Good litigation graphics convey a message quickly and clearly. The example animation in today’s post supports an argument that plaintiff’s claim for a “reasonable royalty” in a patent case was unreasonable because the claim equaled the full value of the defendant company at the time of the “hypothetical negotiation” back in 2008.
Here is a short (18-second) version of the animation with audio of how an attorney might argue the point to a jury.
Later in this post, you can see the “director’s cut,” which has a longer version of a sample argument ending in the animation.
When someone has infringed a patent, how does the jury determine damages? The relevant statute, 35 U.S.C. § 284, provides that the patent holder is entitled to “damages adequate to compensate for the infringement, but in no event less than a reasonable royalty for the use made of the invention by the infringer, ….”
The “Hypothetical Negotiation” in Patent Law
One way to prove damages under the statute is to become a time traveler, somewhat like Ebenezer Scrooge in ”A Christmas Carol.” In the jury’s ”time travel” for patent damages, the jury must imagine going back to a time just before infringement began, and listen in on a hypothetical negotiation for a ”reasonable royalty” between the patent holder and the defendant. As the Federal Circuit has said, “the basic question posed in a hypothetical negotiation is: if, on the eve of infringement, a willing licensor and licensee had entered into an agreement instead of allowing infringement of the patent to take place, what would that agreement be?” LaserDynamics, Inc. v. Quanta Computer, Inc., 694 F.3d 51, 76 (Fed. Cir. 2012).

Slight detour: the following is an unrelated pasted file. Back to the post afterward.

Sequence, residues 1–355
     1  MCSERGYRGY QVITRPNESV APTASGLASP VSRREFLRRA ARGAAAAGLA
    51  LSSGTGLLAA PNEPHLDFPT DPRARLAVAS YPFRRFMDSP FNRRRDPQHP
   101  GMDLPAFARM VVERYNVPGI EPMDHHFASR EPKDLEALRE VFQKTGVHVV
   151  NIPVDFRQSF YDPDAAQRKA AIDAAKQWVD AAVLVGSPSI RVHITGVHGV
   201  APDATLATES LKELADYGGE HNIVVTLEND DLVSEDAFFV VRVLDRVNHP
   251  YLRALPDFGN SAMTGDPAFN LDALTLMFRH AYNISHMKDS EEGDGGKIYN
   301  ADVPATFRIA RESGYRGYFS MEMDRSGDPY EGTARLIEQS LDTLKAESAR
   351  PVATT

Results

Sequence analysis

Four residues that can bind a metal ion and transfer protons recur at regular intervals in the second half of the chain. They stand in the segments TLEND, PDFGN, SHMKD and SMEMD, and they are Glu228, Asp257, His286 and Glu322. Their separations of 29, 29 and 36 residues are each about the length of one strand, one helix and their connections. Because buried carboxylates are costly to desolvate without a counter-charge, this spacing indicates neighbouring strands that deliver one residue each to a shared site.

The Plaintiff’s Claim for $10 Million
The legal background should suffice to introduce our animation. The animation is modeled after a recent case in which we helped a patent defendant (the names, dates and amounts have been changed for this post). In our model situation:
The defendant, DefCo, has been accused of starting to infringe the patent in 2008;
The plaintiff, PatentCo, is seeking $10 million, which plaintiff claims is a reasonable royalty from a hypothetical negotiation in 2008;
The defendant’s valuation in 2008 was $10 million.
The killer fact for defendant here is the comparison of plaintiff’s claim for $10 million versus the $10 million valuation of DefCo. DefCo’s argument is that it would never have agreed to pay all or nearly all of the value of its company for a license to PatentCo’s patent—this could not have been the result of the hypothetical negotiation.
Below is a longer version of a sample argument ending in the animation. The animation poses the rhetorical question, “What percentage of DefCo would it have paid to PatentCo?” The answer, of course, is something much less than the full value of DefCo.